On collateral review of a defendant's conviction in 1986 of murder in the second degree, the defendant was not entitled to the retroactive application of Commonwealth v. Sama, 411 Mass. 293 (1991), and the grant of a new trial; moreover, even if the defendant were so entitled, the omission at his trial of an instruction allowing the jury to consider evidence of the defendant's intoxication in deciding whether he acted with malice aforethought was not prejudicial, where there was no issue before the jury that the defendant's state of intoxication affected his knowledge of the circumstances of the homicide. [452-455]
INDICTMENT found and returned in the Superior Court Department on January 12, 1983.
A motion for a new trial, filed on November 23, 1993, was heard by Robert W. Banks, J.
The Supreme Judicial Court on its own initiative transferred the case from the Appeals Court.
William J. Leahy, Committee for Public Counsel Services, for the defendant.
Catherine E. Sullivan, Assistant District Attorney, for the Commonwealth.
MARSHALL, J. Kevin P. Sullivan appeals from the denial of his motion for a new trial, following his convictions in 1986 of murder in the second degree and assault and battery by means of a dangerous weapon. He argues that, in light of our subsequent holding in Commonwealth v. Sama, 411 Mass. 293 , 298-299 (1991), he is entitled to a new trial because the jury were not permitted to consider evidence of his intoxication with respect to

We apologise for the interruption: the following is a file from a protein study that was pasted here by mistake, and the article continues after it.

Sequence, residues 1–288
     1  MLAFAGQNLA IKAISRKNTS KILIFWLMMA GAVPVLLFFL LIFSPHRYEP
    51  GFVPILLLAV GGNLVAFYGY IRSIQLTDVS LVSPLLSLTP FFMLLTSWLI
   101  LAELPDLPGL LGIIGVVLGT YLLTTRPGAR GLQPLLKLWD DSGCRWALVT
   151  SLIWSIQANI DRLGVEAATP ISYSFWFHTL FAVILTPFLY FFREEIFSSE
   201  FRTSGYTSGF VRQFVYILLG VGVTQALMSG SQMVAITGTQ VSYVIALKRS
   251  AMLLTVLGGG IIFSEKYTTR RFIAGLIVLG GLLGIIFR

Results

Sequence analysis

the third prong of malice, [Note 1] although he requested an instruction to that effect. We disagree. Even if the rule announced in Sama was retroactively applicable to this case, which it is not, the rule would not aid this defendant.
1. On June 20,1983, a jury convicted the defendant of murder in the second degree and assault and battery by means of a dangerous weapon. His convictions were reversed by the Appeals Court because, in a supplementary charge to the jury, the trial judge erroneously undertook to quantify the concept of reasonable doubt. Commonwealth v. Sullivan, 20 Mass. App. Ct. 802 , 804-807 (1985) (Sullivan I). When he was retried in 1986, the defendant again was convicted on both indictments. [Note 2] During his second trial the defendant requested an instruction that would have allowed the jury to consider evidence of his intoxication as it related generally to his malice aforethought, the mental element of the charge of murder. [Note 3] The judge denied his request, and instructed the jury to consider the evidence of the defendant's intoxication on the first two prongs of malice only. [Note 4] The defen-
dant objected, arguing that "as a matter of due process the defendant is entitled to have the jury consider his intoxication upon the third prong as well."
On direct appeal from the convictions at his second trial, the Appeals Court concluded that the judge's instructions on intoxication challenged by the defendant were valid, and affirmed the convictions. Commonwealth v. Sullivan, 29 Mass. App. Ct. 93 , 99 (1990) Sullivan (II). Subsequently, in 1991, we announced our decision in Sama, supra, holding that a defendant is entitled to have the jury consider evidence of his intoxication when deciding whether he acted with malice aforethought under the third prong of malice. In 1993, relying on the rule announced in Sama, the defendant filed a motion for a new trial pursuant to Mass. R.
Crim. P. 30 (b), 378 Mass. 900 (1979). In Commonwealth v. Gagliardi, 418 Mass. 562 , 566 (1994), cert. denied, 513 U.S. 1091 (1995), we held that the rule announced in Sama, supra, is not to be applied retroactively to cases on collateral review. Relying on that decision, the defendant's motion was denied by a judge in the Superior Court on November 14, 1994. The defendant appealed, and we transferred this case to this court on our own motion.